January 27, 2011
Night owls — gather your laptops, your blankets, your newly Trenta-sized coffee cups. According to Interim Dean of University Libraries Bea Hardy, the possibility of a 24-hour Earl Gregg Swem Library may be on the horizon. At a recent Student Assembly meeting, SA Sen. Stef Felitto ’12 announced that Hardy has made clear to SA members that one of her goals is to open Swem on weekdays for 24 hours, all year long.
We are glad to greet this frankly long-overdue possibility. We applaud the interim dean for her willingness to bring this issue to the forefront. In the midst of a cost-cutting environment, it takes courage to suggest an expansion of services, however vital. Her willingness to attack such problems head on proves she is well suited to the position. We would also encourage the SA to continue talks with Hardy and to do what it can to help her realize this goal.
Of course, there is the inevitable problem with which Hardy must first contend (the same concern that has met any recent attempt at change within the College of William and Mary community): the budget. As we hear time and time again, we just don’t have the money.
Frankly, we’re tired of this excuse. And it has become an excuse, a simple way to avoid dealing with any potentially difficult policy decision.
To be fair, we o have been quick to run to that well — or pointing to the empty well, as it were. We refuse to allow budget cuts to force the necessary decision making processes of the College to come to a halt. Instead of waiting for the mythical day, recession miracuously ended, when money begins flooding into the College, we need to learn to operate and provide central services despite budget constraints. There’s a difference between fiscal responsibility and remaining entirely and debilitating static.
Many of our peer institutions — the University of Virginia and Virginia Tech among them — have long funded 24-hour libraries, some more than one. That the College has never followed suit is immediately counter-intuitive. The library is central to the College’s academically focused culture — surely we’re one of the only colleges in existence to have turned our library into a verb. Swem is one of the best collegiate libraries in the nation. To allow Swem to continue operating without 24-hour availability gives the impression that the College lags behind its rival schools. Obviously, library hours are a relatively superficial measure of a university’s quality, but lagging behind in such an immediately obvious capacity plays into a narrative of flagging prestige that the administration should take every effort to avoid.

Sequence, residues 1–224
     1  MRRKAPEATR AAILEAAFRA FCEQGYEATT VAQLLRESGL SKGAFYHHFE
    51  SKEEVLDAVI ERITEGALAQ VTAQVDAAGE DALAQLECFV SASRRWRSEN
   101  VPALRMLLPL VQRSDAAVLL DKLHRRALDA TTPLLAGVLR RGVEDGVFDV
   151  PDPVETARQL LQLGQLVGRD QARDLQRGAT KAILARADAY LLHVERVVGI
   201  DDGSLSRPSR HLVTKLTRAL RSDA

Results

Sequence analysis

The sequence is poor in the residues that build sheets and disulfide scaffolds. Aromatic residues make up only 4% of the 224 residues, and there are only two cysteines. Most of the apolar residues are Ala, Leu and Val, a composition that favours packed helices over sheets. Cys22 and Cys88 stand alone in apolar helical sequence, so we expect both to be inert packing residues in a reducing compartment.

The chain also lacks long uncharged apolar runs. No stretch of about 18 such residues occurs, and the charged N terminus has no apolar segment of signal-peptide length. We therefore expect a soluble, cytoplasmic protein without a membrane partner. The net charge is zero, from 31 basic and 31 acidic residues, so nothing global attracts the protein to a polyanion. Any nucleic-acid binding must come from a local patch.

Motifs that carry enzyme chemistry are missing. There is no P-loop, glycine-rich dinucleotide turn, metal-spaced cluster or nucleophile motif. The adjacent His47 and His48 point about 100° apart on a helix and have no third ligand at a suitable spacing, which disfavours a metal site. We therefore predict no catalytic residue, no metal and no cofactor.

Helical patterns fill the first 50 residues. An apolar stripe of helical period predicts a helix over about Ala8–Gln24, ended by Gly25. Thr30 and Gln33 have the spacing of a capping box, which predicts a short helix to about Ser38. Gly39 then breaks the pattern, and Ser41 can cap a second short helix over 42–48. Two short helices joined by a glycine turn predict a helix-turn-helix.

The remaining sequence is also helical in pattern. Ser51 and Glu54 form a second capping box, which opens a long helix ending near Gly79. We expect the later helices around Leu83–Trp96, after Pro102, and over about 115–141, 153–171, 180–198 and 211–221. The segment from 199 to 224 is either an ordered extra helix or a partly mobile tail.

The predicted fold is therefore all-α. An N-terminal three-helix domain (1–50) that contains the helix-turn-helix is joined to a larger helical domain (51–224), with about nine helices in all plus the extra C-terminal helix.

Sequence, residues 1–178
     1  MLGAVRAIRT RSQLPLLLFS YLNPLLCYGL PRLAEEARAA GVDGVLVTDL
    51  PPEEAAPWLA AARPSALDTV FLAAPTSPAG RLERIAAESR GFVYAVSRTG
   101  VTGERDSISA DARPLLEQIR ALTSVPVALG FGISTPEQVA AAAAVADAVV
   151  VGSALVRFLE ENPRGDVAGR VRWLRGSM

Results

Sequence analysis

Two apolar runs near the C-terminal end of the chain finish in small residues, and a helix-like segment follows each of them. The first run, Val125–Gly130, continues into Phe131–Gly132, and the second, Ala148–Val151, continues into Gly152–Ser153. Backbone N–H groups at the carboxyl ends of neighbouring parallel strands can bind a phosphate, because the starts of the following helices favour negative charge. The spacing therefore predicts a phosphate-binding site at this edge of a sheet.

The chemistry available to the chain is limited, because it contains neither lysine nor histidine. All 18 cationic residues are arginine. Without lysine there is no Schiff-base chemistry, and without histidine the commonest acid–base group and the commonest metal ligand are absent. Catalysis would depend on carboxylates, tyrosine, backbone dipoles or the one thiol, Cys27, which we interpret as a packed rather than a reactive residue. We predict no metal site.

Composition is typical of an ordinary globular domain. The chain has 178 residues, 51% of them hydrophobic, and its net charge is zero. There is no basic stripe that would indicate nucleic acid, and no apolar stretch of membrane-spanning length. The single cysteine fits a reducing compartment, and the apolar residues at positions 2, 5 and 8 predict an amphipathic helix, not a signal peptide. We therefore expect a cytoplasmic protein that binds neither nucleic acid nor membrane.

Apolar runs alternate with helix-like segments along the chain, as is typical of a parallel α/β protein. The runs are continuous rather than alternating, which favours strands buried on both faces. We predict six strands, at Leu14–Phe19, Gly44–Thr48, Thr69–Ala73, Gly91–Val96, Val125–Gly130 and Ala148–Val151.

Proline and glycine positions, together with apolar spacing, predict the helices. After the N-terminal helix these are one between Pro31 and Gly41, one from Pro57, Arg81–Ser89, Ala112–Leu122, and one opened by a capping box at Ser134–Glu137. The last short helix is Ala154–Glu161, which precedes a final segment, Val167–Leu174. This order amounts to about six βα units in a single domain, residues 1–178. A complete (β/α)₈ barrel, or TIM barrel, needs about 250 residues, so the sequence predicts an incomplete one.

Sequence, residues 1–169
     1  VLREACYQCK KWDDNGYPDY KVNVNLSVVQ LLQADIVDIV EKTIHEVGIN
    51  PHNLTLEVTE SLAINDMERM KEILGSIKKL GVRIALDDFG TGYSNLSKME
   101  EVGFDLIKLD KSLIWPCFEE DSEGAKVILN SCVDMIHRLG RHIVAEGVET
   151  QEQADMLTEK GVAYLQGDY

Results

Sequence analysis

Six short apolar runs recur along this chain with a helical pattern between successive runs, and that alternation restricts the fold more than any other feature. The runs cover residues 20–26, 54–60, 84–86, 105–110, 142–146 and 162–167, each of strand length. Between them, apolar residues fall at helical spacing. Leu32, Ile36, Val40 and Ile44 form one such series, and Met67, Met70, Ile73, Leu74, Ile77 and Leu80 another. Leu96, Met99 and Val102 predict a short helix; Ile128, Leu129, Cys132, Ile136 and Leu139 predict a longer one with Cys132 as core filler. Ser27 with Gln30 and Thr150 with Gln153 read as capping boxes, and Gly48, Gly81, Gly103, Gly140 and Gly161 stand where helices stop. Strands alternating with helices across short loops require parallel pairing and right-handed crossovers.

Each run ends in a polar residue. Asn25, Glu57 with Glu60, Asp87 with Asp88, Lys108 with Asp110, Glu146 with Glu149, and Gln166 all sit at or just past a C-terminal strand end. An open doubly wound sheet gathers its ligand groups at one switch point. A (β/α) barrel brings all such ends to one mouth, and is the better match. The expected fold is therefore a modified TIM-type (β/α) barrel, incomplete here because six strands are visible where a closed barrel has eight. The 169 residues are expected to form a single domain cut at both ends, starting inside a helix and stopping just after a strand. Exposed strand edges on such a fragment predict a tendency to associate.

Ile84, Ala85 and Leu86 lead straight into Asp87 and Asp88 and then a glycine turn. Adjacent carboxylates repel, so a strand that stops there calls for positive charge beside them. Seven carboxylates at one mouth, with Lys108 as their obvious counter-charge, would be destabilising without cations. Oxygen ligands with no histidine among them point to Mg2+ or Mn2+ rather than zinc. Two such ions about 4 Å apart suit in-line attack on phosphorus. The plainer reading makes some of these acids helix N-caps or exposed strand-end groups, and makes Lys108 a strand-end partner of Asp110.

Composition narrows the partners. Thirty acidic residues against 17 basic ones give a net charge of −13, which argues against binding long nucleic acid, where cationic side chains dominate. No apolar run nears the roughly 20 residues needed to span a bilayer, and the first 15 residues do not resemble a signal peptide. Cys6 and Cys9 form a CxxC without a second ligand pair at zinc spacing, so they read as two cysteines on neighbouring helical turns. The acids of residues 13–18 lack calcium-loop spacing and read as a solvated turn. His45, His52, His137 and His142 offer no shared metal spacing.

While extending these hours would come with a price tag, the actual added cost is surprisingly low, given the necessity of the service. The SA bill, which opens Swem 24 hours during the two weeks of finals, costs $3,648. To apply this to the full academic year, therefore, would land somewhere in the range of $60,000. There are a variety of ways to fund what little costs extending the library’s hours would require.
Even restricted to the Swem budget itself, there are areas where funds can be reallocated. For example, the Media Center is now open until midnight, which could easily be scaled back to 8 p.m. Swem could also limit its capabilities during overnight hours by shutting off computers — few students would stay overnight without a laptop, anyway — or limiting access to upper floors. In this respect, the interim dean would obviously know best the structure of her department’s budget, but it can certainly be done.
Another equally legitimate option would be to create a referendum to add an additional amount, roughly $10, to student fees, easily covering the cost. We can think of few more equitable uses of student funds than making the campus’s central building more accessible.
This goal remains easily in reach. It is now up to the students and the College to make this collegiate basic a reality.